For example, scrolling through my own facebook this morning, I could have already read:
- “10 tips for running faster”
- “back pain myths – you need a core”
- “the secret to staying healthy: Get the lymphatic system moving”
- “Annoyed by loud chewing, the problem is you”
This is fantastic… to a point! We can be inspired and informed. However, let’s remember that the internet is for everyone. Give someone a keyboard and wifi and they can become an expert. Do you ever ask yourself if the articles are clinically accurate, suitable to you and worthwhile of the time reading it. Have the authors studied the area, read journal articles or are they just chucking some words on a page? How do we know what authors bias’ are? Are they just putting fancy headlines with links to webpages so they can earn money on advertising? We cannot be completely sure.
It should make us question, where is this information from?
Fitspo (which stands for fit inspiration) is now massive in social media. For example, 150,000 plus people follow a famous instagram blogger who shares fitness, nutrition and health tips based on the blogger’s own transformation. Like many insta-famous people, this blogger has no official qualifications apart from being signed by a modelling agency and becoming an ambassador to multiple clothing and dietary companies. Don’t get me wrong, they are fabulous for posting motivational quotes but when they post workout/nutrition tips and ebooks, we must start to question the advice? But do we?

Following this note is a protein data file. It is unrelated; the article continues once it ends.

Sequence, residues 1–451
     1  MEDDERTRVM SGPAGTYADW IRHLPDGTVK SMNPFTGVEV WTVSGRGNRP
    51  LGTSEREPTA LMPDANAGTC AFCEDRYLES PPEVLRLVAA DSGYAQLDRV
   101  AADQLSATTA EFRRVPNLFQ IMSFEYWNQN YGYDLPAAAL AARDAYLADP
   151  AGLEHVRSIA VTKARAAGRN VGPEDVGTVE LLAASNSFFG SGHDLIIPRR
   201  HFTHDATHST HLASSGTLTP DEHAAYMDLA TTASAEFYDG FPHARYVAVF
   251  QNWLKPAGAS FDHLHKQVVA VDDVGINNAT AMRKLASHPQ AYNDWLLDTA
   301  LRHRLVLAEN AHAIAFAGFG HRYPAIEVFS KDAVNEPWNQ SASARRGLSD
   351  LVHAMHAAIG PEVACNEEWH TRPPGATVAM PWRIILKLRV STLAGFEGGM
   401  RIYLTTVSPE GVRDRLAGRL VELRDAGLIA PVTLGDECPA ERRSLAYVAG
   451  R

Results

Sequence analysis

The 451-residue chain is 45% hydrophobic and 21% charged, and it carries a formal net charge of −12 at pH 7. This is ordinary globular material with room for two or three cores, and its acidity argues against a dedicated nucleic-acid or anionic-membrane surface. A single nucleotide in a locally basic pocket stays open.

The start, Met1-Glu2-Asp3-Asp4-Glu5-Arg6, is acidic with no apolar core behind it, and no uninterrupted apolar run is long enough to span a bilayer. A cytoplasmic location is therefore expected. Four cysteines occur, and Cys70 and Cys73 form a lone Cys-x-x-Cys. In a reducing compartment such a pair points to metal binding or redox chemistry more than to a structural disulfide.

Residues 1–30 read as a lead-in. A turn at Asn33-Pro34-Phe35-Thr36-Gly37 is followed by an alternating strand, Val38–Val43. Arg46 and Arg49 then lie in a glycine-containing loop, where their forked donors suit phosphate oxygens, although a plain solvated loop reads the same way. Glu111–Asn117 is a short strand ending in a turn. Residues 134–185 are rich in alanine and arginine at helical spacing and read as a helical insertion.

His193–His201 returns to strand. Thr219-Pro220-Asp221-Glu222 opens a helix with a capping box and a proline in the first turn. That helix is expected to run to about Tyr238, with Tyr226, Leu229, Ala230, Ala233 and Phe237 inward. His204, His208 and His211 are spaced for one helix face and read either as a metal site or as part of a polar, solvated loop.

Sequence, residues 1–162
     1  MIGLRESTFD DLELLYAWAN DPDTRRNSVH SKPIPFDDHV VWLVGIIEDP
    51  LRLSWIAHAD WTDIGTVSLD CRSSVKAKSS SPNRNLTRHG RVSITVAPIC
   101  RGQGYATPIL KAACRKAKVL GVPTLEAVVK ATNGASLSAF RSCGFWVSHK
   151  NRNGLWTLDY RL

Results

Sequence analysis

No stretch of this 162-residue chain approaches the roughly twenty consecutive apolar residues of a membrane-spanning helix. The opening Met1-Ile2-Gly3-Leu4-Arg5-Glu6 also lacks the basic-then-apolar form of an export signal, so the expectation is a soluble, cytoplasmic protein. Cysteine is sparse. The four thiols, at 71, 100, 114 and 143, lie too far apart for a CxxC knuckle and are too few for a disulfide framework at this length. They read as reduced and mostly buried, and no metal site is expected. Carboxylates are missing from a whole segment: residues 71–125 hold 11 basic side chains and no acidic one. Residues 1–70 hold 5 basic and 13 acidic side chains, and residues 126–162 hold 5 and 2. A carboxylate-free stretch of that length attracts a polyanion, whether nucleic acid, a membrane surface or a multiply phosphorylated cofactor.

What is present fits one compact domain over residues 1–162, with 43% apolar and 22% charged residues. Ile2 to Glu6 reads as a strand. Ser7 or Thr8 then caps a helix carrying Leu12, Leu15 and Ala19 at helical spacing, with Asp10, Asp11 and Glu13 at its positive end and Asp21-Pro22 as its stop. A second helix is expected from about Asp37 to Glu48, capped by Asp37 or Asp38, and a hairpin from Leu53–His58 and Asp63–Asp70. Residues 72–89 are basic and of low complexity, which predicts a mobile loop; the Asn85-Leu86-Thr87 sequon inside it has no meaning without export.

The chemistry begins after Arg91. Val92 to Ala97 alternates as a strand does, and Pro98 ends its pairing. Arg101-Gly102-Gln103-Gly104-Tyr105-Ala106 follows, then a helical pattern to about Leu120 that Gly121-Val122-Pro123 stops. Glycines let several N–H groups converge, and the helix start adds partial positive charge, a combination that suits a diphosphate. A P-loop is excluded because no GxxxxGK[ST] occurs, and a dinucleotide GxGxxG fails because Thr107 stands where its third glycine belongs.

Why can this become an issue you ask?
Misinformation could lead to injury, illness or ill-health. The 7.30 Report (ABC) that reported a story based on young dancers that were copying moves and training tips off professionals facebooks and instagram sites. This led to one dancer dislocating her coccyx and another developing a stress fracture, mainly because these dancers were not ready to attempt that move. A trained dancer teacher would have been able to give these individuals, personalised advice and sources of reliable information, which may have prevented these damaging injuries.
With all that said, I love social media (am possibly addicted)! There is a dearth of information available that I never had access to growing up. It’s just think it’s very important to take what you read at face value. So how can you interpret fact vs fiction? Here are some ideas on where to start.
- Visit a health care professional and get personalised information that related to you.